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Worker Advocate: Nation's Biggest Industry Fostering Low Wage, Low Benefit Workplace

Saru Jayaraman: Food industry 'proliferating lowest paying jobs with the least benefits, least amount of paid sick days'

Andrea Germanos, staff writer

The nation's biggest industry is fostering a low-wage, low-benefit workplace, charges restaurant worker advocate Saru Jayaraman.

Co-founder and co-executive director of Restaurant Opportunities Centers (ROC) United and author of the bestselling Behind The Kitchen Door Jayaraman appeared on Up with Chris Hayes on Saturday and brought to light some of conditions that leave food industry workers forced to work sick and rely on food stamps.

Jayaraman said, "You've got the largest industry in America basically proliferating the lowest paying jobs with the least benefits," and added that "it also is the industry with the least amount of paid sick days, so the workers in this industry don't have a way to get paid when they're sick, which means two-thirds of them report cooking, preparing and serving food when they're ill."

Urging the need for some guaranteed minimum wage to provide a livable standard, Jayaraman remarked: "Right now, food service workers use food stamps at double the rate of the rest of the U.S. workforce and suffer poverty rate of three times the rest of the workforce."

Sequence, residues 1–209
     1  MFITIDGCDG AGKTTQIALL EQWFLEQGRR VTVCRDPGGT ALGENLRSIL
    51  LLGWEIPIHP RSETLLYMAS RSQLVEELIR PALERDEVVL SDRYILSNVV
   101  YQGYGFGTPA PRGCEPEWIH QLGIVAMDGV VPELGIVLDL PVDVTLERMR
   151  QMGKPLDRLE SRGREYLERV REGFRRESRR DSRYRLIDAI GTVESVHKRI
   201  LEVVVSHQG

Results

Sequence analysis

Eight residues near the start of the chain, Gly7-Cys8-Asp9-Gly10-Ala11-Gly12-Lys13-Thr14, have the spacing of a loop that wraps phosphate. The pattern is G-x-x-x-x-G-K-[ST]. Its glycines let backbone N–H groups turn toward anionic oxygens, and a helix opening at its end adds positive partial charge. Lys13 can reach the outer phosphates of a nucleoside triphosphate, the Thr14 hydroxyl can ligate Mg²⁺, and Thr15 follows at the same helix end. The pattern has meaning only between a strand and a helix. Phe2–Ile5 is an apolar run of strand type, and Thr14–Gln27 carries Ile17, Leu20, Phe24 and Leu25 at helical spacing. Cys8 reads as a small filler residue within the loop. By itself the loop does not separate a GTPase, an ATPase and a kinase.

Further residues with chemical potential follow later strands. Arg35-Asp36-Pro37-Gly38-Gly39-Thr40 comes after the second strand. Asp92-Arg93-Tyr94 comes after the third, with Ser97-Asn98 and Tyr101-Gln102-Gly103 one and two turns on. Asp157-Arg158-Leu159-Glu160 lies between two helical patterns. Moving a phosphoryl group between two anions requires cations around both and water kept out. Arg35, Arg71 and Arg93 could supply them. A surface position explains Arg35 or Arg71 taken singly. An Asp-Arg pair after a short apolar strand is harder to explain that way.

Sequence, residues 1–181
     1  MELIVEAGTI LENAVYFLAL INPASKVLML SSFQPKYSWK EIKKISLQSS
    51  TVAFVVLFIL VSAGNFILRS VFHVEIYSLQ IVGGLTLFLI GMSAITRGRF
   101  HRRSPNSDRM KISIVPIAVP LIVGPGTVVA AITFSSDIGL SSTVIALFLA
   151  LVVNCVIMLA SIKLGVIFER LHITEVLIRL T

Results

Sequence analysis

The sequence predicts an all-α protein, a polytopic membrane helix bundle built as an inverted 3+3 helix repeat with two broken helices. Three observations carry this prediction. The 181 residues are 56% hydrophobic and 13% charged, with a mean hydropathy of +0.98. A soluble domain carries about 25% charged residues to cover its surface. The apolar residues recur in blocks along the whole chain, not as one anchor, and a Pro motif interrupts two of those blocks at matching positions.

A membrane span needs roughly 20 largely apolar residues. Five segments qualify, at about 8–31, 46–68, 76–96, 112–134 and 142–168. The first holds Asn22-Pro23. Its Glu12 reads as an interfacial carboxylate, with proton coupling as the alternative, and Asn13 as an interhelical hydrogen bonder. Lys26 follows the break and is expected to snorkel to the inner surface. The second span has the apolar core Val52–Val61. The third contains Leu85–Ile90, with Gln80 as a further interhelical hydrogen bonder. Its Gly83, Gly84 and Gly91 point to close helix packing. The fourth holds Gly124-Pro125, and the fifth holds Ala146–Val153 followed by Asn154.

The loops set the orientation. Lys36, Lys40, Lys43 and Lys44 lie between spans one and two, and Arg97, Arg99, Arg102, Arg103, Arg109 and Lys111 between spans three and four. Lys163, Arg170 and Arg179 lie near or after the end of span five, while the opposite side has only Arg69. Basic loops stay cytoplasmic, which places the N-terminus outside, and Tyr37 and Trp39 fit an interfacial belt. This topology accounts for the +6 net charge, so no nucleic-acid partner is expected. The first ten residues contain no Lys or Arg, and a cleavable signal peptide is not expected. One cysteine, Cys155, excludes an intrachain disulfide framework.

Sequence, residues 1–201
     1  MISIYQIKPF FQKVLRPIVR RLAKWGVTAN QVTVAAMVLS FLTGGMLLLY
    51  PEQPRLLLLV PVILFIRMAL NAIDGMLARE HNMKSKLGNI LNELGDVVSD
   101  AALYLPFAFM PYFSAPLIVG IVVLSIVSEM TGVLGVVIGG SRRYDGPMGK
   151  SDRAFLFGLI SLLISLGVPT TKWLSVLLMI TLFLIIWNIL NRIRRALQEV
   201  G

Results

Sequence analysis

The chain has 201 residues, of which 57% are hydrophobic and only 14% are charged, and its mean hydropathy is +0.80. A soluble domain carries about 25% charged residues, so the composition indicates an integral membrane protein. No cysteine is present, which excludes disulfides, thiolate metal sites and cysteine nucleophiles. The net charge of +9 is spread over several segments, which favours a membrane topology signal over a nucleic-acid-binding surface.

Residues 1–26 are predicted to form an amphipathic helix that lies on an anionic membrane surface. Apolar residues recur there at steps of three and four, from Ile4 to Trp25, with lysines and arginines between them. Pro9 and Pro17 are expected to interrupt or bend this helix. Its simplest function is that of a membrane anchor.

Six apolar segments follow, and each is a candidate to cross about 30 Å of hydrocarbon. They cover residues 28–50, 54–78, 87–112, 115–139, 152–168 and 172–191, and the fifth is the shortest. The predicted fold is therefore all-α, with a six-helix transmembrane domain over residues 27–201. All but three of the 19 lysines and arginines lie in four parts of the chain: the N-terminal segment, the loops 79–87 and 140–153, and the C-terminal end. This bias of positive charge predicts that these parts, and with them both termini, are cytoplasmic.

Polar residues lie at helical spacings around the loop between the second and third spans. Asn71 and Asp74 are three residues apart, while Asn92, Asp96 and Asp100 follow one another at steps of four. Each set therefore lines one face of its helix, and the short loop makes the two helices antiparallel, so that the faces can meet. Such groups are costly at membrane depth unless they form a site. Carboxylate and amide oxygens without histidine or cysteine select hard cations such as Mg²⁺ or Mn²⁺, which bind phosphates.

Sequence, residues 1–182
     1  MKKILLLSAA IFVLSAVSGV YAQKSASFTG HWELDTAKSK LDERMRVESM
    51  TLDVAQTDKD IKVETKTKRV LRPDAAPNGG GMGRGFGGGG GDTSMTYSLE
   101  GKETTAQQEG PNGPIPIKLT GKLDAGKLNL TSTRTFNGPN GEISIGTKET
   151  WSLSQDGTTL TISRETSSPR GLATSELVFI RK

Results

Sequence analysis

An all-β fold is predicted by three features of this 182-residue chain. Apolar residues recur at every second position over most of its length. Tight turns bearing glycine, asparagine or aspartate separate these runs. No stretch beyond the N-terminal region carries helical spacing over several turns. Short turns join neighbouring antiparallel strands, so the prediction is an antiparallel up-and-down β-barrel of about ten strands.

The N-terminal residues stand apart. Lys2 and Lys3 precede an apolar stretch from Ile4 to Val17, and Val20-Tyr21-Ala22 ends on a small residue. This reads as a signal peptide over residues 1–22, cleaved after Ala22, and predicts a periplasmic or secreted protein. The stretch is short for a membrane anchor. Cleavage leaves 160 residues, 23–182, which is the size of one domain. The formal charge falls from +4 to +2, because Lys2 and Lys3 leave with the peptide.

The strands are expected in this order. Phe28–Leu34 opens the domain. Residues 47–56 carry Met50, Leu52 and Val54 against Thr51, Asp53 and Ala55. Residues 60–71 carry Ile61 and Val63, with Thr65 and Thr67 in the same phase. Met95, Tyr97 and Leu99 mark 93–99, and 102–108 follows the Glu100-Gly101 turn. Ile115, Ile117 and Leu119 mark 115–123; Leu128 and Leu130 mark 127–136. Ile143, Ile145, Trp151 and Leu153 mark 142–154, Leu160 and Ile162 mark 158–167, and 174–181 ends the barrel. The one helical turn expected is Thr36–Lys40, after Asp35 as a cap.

The minimum wage for tipped employees is $2.13, a rate, Jayaraman noted, that has been at this level for 22 years.


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Jayaraman was joined on the panel with chef Tom Colicchio, Andrew Moesel, spokesperson for the New York State Restaurant Association, and Victoria Bruton, restaurant worker and member of Restaurant Opportunities Centers.

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What can the average diner do about the working conditions of the people who brought them their food? Jayaraman said in a recent appearance on Moyers & Company, "If consumers asked, every time they ate out, or said to the management, ‘Love the food, love the service, I would love to see you provide paid sick days, as a consumer that’s important to me,’ or ‘I would love to see you do better on your wages, not pay $2.13,’ just before leaving, we feel like that could make a tremendous difference in moving the industry."


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